Name and Current Occupation: John Strauss, VP of Business Development, Metal Oxygen Separation Technologies, Inc. (MOxST)
What is your start-up story?
In 1971, my family helped start a summer theater out of our house (Andy’s Summer Playhouse – it just celebrated its 40th season). Just after my 16th birthday, I became the first technical director. The next summer I worked as a cameraman and soundman for a Corporation for Public Broadcasting documentary.
At the same time, my father was working with a company that had a device that was used to detect open water oil spills. In 1975, as an outgrowth of what my dad had been working on, we started a company in our basement – my dad, me, another guy and two investors. We made a device for cleaning up oil off the surface of water.
We thought we were making something for open water (like cleaning up Boston Harbor) – but it turned out that, in beta testing, the product was better suited to cleaning up leaked gasoline and hydrocarbons underground. This had applications in gas stations, in airports, at factory sites, etc. In the early 1980s, JFK airport in New York had six feet of jet fuel underneath it. The product we invented not only cleaned up the hazard that those fuels created, it also allowed for direct recycling of the fuel.
At the beginning, the model was to sell the equipment at a $0.05/gallon rate for the total gasoline recovered. (Yup, a nickel for gas wholesale!) The consulting services, measuring, etc. were free. In the middle of this, we realized that Ground Water Technology, the consulting service, was actually the area of the business with the most growth opportunity – the equipment was only 10% of the value of the business, if we really valued our expertise correctly. We became a turn-key consulting and equipment business, and became very successful. Ground Water went public in 1986, hit a market cap peak of ~$300 million the following year, and, was later sold to Fluor Daniel and is still in business. I had just left Groundwater to start several companies in Europe – doing the same thing there – but loved the feeling of accomplishment I got from seeing the company go public. I was hooked on start-ups.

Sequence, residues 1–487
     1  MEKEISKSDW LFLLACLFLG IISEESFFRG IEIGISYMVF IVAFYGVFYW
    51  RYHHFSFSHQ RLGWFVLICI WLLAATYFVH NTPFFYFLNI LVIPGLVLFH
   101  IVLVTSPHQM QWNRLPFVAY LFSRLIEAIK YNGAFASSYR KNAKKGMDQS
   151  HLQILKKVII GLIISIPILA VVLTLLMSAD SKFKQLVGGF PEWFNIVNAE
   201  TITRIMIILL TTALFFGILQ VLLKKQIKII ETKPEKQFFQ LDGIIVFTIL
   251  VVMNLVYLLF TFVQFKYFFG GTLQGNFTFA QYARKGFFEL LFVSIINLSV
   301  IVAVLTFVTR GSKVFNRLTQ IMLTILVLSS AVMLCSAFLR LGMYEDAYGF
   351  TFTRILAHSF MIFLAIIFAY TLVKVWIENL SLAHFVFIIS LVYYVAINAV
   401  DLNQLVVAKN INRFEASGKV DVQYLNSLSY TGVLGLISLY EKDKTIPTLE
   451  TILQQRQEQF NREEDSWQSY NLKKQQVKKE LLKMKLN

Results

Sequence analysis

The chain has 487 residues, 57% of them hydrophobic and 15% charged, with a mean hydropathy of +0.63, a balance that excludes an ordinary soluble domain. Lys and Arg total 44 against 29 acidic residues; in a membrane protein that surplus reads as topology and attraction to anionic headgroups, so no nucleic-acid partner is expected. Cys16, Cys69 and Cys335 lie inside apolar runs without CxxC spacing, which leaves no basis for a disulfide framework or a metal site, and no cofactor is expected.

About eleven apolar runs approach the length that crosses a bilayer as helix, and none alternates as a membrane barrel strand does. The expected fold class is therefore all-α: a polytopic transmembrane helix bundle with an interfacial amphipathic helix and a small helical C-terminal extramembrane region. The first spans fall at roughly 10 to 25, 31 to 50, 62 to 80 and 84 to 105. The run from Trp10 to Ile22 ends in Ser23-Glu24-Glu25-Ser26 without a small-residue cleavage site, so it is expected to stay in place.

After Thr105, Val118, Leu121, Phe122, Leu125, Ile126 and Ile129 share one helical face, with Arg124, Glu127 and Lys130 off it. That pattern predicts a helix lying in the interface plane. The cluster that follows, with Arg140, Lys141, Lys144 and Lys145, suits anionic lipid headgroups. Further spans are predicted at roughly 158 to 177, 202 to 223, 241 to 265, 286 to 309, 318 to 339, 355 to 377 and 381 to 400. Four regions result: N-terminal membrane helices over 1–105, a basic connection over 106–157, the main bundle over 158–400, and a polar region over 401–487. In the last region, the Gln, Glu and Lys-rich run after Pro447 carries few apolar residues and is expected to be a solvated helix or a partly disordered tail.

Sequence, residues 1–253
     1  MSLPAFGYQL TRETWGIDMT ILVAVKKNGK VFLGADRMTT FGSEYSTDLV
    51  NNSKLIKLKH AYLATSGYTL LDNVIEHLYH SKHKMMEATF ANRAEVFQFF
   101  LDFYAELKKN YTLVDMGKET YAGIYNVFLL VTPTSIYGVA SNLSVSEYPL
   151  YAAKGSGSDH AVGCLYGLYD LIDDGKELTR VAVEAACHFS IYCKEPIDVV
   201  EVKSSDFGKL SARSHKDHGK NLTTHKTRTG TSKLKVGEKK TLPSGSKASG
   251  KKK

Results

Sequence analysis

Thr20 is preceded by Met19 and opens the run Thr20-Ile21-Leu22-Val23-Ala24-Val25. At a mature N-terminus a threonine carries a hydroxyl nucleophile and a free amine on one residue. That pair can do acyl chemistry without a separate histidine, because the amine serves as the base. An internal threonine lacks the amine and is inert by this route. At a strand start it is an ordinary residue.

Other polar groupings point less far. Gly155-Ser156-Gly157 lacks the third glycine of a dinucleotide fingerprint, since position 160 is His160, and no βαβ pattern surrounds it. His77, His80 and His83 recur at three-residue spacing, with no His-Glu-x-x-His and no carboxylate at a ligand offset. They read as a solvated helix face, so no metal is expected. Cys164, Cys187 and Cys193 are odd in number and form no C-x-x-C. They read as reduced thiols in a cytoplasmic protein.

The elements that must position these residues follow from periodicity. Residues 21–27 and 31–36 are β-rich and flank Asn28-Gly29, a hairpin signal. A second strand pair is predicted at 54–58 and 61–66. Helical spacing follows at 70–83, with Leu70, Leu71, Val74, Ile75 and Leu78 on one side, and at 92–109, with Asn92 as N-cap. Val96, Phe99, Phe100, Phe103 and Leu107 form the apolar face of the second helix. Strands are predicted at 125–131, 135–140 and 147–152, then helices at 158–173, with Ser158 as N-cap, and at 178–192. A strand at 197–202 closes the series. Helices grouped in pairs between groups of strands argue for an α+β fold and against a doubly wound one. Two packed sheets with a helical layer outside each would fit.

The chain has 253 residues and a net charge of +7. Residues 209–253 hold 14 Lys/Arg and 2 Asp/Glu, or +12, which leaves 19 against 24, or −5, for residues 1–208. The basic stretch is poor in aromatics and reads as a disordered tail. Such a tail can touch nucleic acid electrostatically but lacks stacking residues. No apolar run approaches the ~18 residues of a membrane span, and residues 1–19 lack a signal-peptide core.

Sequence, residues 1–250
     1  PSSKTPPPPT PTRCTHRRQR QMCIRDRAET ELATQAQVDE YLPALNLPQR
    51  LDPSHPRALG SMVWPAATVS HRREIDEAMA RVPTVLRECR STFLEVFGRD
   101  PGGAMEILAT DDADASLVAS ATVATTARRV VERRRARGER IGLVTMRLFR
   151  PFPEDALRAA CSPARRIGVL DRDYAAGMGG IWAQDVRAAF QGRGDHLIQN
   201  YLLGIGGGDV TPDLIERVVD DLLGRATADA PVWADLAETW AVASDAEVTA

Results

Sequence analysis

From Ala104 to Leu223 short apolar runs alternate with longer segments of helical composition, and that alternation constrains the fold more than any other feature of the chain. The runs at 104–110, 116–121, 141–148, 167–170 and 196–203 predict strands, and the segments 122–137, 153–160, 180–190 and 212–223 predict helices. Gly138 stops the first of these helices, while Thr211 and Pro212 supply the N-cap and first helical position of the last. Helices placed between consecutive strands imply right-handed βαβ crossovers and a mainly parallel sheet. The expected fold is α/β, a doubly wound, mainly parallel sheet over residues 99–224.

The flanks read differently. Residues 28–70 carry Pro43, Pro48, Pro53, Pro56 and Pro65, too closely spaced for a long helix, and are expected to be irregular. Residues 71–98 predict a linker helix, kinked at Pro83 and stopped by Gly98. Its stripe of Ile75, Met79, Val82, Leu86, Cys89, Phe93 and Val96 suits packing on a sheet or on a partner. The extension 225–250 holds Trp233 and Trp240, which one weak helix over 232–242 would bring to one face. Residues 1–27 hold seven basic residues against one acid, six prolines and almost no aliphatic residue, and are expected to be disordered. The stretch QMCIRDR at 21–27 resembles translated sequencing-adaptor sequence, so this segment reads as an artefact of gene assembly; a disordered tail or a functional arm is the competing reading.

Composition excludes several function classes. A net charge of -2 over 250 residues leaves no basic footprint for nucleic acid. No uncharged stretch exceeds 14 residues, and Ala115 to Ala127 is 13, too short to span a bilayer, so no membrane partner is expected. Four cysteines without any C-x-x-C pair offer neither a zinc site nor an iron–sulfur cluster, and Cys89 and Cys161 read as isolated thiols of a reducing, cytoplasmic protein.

Tell us about one of your most challenging entrepreneurial experiences:
I was brought in to help a struggling company (Ocean Design) that was the world leader in producing connectors that could be plugged in and unplugged underwater – not just waterproof but totally water-impervious so that you could lay fiber-optics on the ocean floor. If you want to develop an oil and gas field on the sea floor, you have to be able to wire everything up and plug it in underwater.
The company had found great success because their equipment was required for submarines, for Japan’s tsunami detection system, for most of the world’s undersea oil and gas exploration – for making lots of things even possible to do. On the other hand, they were having trouble scaling up – quality of the product was so incredibly important. They were making great quality parts but they couldn’t keep quantities up. They had a large order backlog, which had a huge impact on mission-critical projects for customers around the world.
The culture was to always make every decision with 99.999% certainty, but certain decisions that were critical to success couldn’t be made with that level of certainty. The gridlock had also trickled down into back office and infrastructure systems. After digging out to the hole, we put in one of the most complicated ERP systems – the average order was for five pieces – we would have product documentation that rivaled nuclear material quality control or medical device documentation.